When the Minnesota Film and TV Board (MNFilmTV) implemented new software on their website to aid filmmakers in searching for locations to shoot their projects, they knew Minnesota had become typecast. A well-known actor who came to the state for some location scouting, assuming Minnesota to be a year-round frozen tundra, packed only his warmest winter clothing—despite the fact that he was visting in May. The MNFilmTV crew spent the first day with said actor shopping for some more weather-appropriate clothes.
“[There’s] a lot of myth busting,” said Christopher Grap, director of production services at MNFilmTV—an organization, also known as a film commission, dedicated since 1981 to create jobs by building and promoting the state’s film industry. Grap often asks people who’ve never been to Minnesota what they know about it. Top three things: “Snow, Mall of America, and A Prairie Home Companion.”
The new location scouting software is called Reel Scout. It went live more than a month ago. “Several film commissions around the world use Reel Scout, but when you access it through our site it is customized and unique to us for searching Minnesota locations,” said Grap. “I think it’s fantastic.” Right now there are more than 200 searchable locations in the state available on Reel Scout. MNFilmTV hopes to reach 350 by next year. (To learn more about how you can add to the database, click on the play button below to hear the complete audio of my interview with Grap.)
“Anything [someone would] want to shoot in this state, we can shoot within the state,” said Grap. The north shore of Lake Superior has doubled for both coasts, allowing filmmakers to mimic the California shoreline—it specifically substituted for Maine in the 1993 Macaulay Culkin vehicle The Good Son (the movie where Culkin played the bad guy, and said “fuck” for the first time on screen). The Quarry has doubled for New Mexico and Iraq. And then there’s the metro area: “If you were to take a 30-mile radius around there, you could find so many looks that fit so many different [film, TV, commercial] projects,” Grap said.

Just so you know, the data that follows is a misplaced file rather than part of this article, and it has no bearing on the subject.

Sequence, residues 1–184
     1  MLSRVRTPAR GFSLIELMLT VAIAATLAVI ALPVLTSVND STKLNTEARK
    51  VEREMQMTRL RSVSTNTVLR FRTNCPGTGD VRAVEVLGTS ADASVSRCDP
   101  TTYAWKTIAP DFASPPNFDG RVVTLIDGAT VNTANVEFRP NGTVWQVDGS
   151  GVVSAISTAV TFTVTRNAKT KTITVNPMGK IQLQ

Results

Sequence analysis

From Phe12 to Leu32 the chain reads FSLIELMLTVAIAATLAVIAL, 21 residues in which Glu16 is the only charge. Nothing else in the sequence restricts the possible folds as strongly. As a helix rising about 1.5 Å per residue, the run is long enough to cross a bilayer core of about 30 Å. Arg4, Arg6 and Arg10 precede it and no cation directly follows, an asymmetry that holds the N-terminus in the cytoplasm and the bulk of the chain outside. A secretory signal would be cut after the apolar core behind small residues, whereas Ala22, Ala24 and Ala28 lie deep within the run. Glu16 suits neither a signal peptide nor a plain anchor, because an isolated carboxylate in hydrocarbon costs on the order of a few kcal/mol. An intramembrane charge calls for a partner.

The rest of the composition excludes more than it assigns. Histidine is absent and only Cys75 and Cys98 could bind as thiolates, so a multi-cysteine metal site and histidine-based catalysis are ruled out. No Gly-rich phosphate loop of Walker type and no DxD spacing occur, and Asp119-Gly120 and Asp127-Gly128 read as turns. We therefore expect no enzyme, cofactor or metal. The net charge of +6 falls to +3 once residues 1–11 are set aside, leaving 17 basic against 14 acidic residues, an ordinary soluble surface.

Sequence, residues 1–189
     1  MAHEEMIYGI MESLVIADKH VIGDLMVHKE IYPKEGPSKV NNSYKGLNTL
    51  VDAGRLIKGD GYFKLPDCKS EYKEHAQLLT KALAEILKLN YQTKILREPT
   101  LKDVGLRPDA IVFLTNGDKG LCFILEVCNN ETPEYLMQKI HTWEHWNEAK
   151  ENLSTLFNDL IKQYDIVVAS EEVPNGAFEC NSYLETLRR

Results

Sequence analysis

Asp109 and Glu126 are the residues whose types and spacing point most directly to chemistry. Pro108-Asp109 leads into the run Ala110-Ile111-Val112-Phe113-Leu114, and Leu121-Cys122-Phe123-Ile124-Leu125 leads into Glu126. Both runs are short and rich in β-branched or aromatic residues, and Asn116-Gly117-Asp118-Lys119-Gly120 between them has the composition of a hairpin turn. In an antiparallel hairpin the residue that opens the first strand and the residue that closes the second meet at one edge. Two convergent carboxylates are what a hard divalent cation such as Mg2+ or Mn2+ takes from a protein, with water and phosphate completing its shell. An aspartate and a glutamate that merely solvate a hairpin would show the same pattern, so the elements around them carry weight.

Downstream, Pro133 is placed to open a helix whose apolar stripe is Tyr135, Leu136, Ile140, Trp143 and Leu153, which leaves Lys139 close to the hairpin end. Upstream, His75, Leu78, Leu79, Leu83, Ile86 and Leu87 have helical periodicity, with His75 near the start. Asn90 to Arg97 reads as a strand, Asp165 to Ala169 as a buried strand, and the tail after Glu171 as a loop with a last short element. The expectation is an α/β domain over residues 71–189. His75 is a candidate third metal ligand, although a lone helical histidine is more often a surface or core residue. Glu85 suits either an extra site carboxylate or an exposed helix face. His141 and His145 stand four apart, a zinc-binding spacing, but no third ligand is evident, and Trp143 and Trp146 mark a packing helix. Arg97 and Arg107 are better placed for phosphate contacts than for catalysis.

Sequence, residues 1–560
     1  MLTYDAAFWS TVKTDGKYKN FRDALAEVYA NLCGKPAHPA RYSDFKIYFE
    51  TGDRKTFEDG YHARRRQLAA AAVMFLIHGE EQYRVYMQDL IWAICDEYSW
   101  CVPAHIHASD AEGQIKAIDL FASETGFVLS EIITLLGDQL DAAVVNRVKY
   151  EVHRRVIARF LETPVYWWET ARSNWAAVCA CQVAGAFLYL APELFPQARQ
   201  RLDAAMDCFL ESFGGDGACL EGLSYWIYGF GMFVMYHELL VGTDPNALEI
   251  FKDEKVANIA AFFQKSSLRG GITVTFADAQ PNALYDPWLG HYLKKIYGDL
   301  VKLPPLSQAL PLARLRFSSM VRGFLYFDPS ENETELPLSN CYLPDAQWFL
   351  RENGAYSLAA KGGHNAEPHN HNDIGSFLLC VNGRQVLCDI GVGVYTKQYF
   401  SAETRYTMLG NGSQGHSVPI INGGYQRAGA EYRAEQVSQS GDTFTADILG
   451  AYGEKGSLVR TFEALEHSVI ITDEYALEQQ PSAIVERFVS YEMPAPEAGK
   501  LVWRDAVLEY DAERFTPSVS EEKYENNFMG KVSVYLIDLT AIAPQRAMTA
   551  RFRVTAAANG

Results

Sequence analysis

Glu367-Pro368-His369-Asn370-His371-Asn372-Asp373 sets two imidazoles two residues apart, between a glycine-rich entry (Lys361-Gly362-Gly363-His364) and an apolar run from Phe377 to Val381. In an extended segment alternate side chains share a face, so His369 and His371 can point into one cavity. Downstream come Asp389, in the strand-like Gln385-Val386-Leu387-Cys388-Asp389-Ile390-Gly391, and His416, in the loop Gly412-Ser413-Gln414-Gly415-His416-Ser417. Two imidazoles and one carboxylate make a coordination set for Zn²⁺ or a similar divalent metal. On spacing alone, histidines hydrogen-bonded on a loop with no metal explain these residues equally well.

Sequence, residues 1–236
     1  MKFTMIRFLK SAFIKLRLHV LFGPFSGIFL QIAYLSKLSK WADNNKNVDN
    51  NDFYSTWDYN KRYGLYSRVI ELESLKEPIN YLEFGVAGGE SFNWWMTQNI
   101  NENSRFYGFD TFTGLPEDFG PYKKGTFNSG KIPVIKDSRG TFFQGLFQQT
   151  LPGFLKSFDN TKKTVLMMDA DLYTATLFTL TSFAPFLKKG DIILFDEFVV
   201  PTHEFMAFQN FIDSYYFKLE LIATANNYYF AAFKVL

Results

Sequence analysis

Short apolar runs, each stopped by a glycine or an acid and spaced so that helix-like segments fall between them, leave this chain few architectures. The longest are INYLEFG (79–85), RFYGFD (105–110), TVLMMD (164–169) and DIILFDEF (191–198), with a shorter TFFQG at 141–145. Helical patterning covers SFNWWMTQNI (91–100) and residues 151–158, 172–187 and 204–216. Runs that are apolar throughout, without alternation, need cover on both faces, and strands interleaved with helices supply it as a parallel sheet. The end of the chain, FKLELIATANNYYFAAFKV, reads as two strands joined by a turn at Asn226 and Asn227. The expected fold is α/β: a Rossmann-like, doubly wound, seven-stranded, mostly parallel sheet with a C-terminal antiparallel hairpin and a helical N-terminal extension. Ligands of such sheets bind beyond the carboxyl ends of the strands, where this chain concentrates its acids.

Through a variety of means, the five employees at MNFilmTV try to convince working filmmakers to make their films in Minnesota. “We have to sell ourselves to production companies to make producers, location managers, directors, writers—whoever has any influence over decisions—aware of what we have to offer as a state that might set us apart from other potential filming locations,” said Grap.
That’s where the aforementioned myth busting comes in to play. Many people outside of the Minnesota market aren’t aware of the “vibrant creative culture that’s here, but [also] the diversity of locations and seasons too,” according to Grap.
According to its website, MNFilmTV is one of the few film commissions in the U.S. that “functions as a public/private partnership, meaning that our state appropriation must be matched by private contributions. A volunteer board of directors comprised of professionals from all segments of the Minnesota production industry supports our efforts and oversees our work, setting policy and approving our annual budget.”
Grap elaborated further: “[We are] funded by a grant through Explore Minnesota tourism. Our annual operating funds of $325,000 are released on a 3-to-1 match. For every dollar we raise privately, whether cash or in-kind donation, we get three from the state up to that $325,000.”
Having recently been saved from a threatened budget cut in the last state congressional session, MNFilmTV’s operation funds are covered through July 1, 2011—but it’s impossible to guess where the film commission will be next year. “We work for you, the community…we need your support,” said Grap. “This can’t just be five people in an office every day.”